March 2, 2008

Why Don't We Ever Hear About Christian Extremism In The Media?

We hear quite a bit about about religious extremism in other parts of the world but very little about Christian extremism right here in America. Don't get me wrong - Islamic extremism is a real concern and deserves the attention it receives. However, I think it is a mistake to completely ignore Christian extremism at home. I suppose it would be accurate to say that one of the main reasons I maintain this blog is to call attention to what I perceive as a neglected issue: Christian extremism in America.

I previously offered a definition of Christian extremism and will not repeat it here. However, I would remind the reader that extremism is not synonymous with terrorism and that an obvious reason for the media's neglect of Christian extremism is that it rarely reaches the level of terrorist attacks. Coverage of the Muslim world often confuses extremism with terrorism and uses the terms interchangeably.

When I say that Christian extremism is neglected by the American media, I am not saying that Christian extremists themselves are neglected (they are most certainly not). The media loves to feature the Pat Robertsons among us. What they neglect is covering such figures as the Christian extremists they are.

It is tempting to immediately point to Christian privilege as the main culprit of the media's neglect of Christian extremism. After all, the American media (and its audience) are so thoroughly saturated with fundamentalist Christianity that it is reasonable to guess that it simply might not occur to them to cover it. With Christianity as the dominant religion in America, many Americans do not have the perspective to consider alternatives or to ask the difficult questions about the extremists among us.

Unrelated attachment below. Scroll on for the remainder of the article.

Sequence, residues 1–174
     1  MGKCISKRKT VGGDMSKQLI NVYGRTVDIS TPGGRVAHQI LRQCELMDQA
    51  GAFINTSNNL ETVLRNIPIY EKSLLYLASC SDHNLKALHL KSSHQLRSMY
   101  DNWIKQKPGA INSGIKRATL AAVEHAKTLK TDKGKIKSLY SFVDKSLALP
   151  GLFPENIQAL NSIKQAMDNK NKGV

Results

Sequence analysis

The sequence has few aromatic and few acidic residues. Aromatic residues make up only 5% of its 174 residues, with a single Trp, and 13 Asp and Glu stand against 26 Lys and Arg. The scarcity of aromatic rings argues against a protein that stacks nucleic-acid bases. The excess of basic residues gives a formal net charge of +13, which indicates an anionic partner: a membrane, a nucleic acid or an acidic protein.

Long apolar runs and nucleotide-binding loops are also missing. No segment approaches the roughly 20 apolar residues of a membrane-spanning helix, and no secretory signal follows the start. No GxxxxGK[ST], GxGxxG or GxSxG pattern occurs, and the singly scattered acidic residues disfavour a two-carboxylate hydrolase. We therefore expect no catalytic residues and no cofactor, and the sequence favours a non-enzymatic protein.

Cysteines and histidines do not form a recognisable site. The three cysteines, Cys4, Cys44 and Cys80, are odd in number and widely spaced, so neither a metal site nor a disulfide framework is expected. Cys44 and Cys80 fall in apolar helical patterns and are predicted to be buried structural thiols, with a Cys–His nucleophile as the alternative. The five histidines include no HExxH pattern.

The Christian progressives and moderates have had relatively little to say on the subject of the vocal extremists who dominate the conversation (see here for an exception). In part, this may be because the media refuses to give them a similar platform. However, I tend to think that at least some of the blame rests on the shoulders of the progressives and moderates. It is difficult for them to criticize their extremist colleagues without feeling that their religious beliefs may be weakened in the process.

Before Iraq and before 9/11, how much did you hear about other forms of religious extremism in the media? Not much. Compared to now, one almost never heard of "Islamic extremists" and the like prior to 9/11. 9/11 and Bush's subsequent blunders not only cast a spotlight of national attention on the issue of extremism in the Muslim world but also contributed to its rise. Could it be that this increased coverage of religious extremism serves political goals and reflects no genuine concern about religious extremism?

The reason you hear about Christian extremism here on this blog is that I believe in fixing one's own problems instead of simply pointing out those of others. I agree that Islamic extremism is an important problem, but I think that religious extremism in general is a problem. I am not content to ignore what I see going wrong in America to point the finger at other nations.

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